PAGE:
I think it is useful sometimes to see how grammar works in another language by seeing a literal translation. "Where is there water here?" is grammatically correct, if slightly unusual. The answer it actually gave was "Where is water here?", which is not strictly grammatically correct in English, but it conveys the meaning well enough and gives us an insight into Russian sentence construction.
But the lessons are about learning Russian, not about appeasing English speakers.
'Where here water' is what the Russian sentence says. If there is no 'natural' English translation, a correct one should do. 'Where is there water here' isn't wrong and no one has to ask this in English. If you are complaining about the English you are missing the point.
Hardly missing the point. I suspect most English speakers learning Russian are doing so in order to be able to put together sentences in Russian which make sense. If you have gibberish in English, you're not learning anything useful. "Where is water here?" is word salad. It may as well say "apple cat brother".
there is a similar sentence here in duolingo: https://forum.duolingo.com/comment/11530319/%D0%93%D0%B4%D0%B5-%D0%B7%D0%B4%D0%B5%D1%81%D1%8C-%D1%8F%D0%B1%D0%BB%D0%BE%D0%BA%D0%BE (Где-здесь-яблоко)
Anyway, I would ask: "Where is the water in this place ?"
Or in portuguese, maybe a more direct translation: Onde está a água daqui (=deste lugar) ?
I think it would clear up a lot of confusion if Duo would accept rough translations that carry the same idea. If I were in this situation, I would say, "Where can I get some water?" not "Where is the water here?" or "Where is there water here?" If you have to explain what a sentence means, you've defeated the point of having a sentence by not communicating clearly in the first place.
This makes no sense in English. You could ask if there is water here or simply ask where there is water. But if there is water here, you would know it so why ask "where". Clearly this does not mean what you think it means, in English. If you are asking about a general area, for example in this building, you would ask "where is there water?". But as you are phrasing it, here is immediately here. For example you are sitting at a table. Why would you ask if there is water on the table? Whether there is water on the table or not, why do you ask where it is? Where and here are incompatible in meaning. In English, "here" means within reach, within an arm's distance, less than a meter. If you mean "here" to be a wider area, you must say so, either explicitly (Where is there water in this area?) or with a hand gesture or within the context of having previously been talking about a big area. In this case, издесь means nearby, not here.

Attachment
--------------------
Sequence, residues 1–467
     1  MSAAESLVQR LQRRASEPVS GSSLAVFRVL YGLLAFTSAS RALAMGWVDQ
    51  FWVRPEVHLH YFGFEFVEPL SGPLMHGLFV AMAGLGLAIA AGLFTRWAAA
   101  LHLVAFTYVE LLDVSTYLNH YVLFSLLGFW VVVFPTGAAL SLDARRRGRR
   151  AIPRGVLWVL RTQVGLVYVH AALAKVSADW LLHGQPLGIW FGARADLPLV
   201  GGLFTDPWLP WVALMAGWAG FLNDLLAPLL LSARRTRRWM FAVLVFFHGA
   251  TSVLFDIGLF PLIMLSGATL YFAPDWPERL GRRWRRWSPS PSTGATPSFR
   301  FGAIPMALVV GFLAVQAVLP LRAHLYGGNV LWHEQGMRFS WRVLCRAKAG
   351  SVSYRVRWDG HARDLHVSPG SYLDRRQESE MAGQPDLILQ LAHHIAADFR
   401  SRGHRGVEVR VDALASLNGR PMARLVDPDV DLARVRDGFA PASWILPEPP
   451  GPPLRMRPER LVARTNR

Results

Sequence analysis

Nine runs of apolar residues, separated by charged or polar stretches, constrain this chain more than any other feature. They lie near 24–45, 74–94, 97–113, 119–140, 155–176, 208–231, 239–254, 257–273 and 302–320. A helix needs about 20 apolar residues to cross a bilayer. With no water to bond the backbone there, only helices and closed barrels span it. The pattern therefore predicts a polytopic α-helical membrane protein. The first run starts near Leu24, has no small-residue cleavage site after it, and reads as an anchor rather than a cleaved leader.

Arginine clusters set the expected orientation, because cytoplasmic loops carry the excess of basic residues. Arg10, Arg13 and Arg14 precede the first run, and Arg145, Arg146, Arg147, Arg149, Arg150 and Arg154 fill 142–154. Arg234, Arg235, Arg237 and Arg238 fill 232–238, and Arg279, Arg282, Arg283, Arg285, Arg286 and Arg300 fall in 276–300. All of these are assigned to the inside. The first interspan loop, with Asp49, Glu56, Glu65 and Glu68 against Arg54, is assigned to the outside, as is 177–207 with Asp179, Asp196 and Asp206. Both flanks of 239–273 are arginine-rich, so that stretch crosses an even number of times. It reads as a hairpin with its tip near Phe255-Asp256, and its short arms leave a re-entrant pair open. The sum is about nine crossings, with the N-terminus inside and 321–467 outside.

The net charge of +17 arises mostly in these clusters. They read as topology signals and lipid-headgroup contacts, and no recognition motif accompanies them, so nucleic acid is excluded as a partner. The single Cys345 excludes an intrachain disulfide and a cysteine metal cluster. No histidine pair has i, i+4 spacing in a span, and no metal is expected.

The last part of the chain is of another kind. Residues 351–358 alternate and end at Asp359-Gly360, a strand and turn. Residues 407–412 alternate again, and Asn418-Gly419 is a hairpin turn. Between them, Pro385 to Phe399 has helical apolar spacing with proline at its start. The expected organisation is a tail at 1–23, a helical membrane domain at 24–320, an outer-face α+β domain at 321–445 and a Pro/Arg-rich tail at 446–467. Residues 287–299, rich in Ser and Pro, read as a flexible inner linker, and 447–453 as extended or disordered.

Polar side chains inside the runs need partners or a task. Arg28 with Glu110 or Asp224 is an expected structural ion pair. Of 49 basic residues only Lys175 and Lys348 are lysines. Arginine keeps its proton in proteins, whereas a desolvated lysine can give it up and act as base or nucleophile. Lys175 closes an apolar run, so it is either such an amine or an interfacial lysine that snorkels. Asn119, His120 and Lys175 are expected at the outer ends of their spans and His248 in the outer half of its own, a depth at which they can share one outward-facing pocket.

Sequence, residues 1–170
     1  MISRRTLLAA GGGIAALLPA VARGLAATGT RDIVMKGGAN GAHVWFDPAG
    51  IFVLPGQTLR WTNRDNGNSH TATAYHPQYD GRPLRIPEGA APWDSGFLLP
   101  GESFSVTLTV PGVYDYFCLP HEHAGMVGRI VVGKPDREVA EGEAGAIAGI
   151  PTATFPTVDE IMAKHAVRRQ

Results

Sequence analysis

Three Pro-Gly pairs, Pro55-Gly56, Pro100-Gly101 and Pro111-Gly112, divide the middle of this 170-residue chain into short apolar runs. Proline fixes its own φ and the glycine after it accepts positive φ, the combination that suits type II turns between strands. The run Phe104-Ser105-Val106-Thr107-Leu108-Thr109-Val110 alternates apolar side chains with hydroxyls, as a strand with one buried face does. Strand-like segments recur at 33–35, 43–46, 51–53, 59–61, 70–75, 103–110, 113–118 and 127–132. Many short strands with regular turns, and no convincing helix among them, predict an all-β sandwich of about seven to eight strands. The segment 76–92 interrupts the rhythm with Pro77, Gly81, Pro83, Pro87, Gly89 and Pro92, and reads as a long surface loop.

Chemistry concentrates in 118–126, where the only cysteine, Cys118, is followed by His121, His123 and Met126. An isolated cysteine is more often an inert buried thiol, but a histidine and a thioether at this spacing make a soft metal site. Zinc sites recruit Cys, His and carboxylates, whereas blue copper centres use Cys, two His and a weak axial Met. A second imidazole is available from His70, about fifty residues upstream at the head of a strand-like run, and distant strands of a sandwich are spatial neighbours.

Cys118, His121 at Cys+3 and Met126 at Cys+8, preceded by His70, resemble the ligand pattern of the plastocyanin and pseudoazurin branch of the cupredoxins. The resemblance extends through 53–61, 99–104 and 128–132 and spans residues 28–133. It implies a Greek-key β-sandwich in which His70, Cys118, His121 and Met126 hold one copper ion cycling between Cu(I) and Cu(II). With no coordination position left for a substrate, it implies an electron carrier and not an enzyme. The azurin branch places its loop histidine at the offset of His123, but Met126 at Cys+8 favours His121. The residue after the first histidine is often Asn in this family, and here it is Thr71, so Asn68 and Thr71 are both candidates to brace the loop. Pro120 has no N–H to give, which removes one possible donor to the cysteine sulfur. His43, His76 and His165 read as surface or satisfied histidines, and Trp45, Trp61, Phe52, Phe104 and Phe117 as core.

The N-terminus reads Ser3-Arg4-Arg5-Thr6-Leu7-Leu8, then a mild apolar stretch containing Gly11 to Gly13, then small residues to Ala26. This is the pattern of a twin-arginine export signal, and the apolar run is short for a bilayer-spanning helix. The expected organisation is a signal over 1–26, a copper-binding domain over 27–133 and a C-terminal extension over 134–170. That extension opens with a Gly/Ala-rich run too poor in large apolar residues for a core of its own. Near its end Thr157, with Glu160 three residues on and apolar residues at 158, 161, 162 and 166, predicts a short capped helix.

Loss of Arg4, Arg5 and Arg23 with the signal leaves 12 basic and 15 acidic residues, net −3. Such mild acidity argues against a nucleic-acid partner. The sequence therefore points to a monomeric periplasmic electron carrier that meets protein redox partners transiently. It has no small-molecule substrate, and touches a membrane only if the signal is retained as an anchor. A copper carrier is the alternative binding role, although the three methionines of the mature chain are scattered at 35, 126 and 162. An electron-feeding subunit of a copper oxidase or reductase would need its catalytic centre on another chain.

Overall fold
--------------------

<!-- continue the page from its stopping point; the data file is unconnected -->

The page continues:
It's another language, so that means they may say things differently but are used to conveying the same idea. Such as saying "car red" in spanish. You're gonna have to understand at that some point there will be a disconnect to your language, hence "translation". Russian people are used to asking where the water is (say a water fountain) in this manner, just because it doesn't add up in english is irrelevant, you need to feel the different ways they construct sentences in order to become fluent rather than jamming the jigsaw pieces in a way that makes sense to your mother tongue.
You are correct if we are translating English (or any other language) to Russian. But if we are translating Russian to English then proper English syntax and grammar should be accepted. If a translation makes no sense in English, then translations that do make sense should be accepted. If 10 people report a better translation, the algorithm should start accepting it.
The basic problem we have here is although эдесь is a valid translation for "here", the inverse is not true. эдесь does not mean here. It simply does not, this translation is simply wrong. эдесь means nearby and nearby is not here. Unfortunately too many people butcher the English language. We who are learning Russian are expected to be respectful of the Russian language. It is a beautiful language. But so is English.
We're not complaining that the Russian word order isn't natural to us because we speak English, we're complaining that the English translation is incoherent.
"Where is the water?" "Is the water here?" "Is there water here?" "Is there water near here?" All make sense, but "where is the water here?" Suggests soneone has taken you somewhere with the promise of water and you've arrived to discover there is no water.
That seems like a niche sentence to teach us unless a favoured Russian past-time is leading foreigners who ask for water on wild goose-chases. Is that the case?
I still don't understand why anyone would ask this sentence unless they were being snide/sarcastic. If you are sitting at a table in a restaurant and there is no water on it, I suppose you could ask this question rather than say "Hey idiot waiter, bring us some water!". But asking literally is impossible in English, either there is water here of there isn't. If there is water here you already know it is here because it is within arm's reach and you can see it. That is the meaning of "here" in English. Otherwise the water is there, not here. You could of course say "near here" or nearby or around here or in this general vicinity or in this building or in this village. But you cannot say here unless you are blind.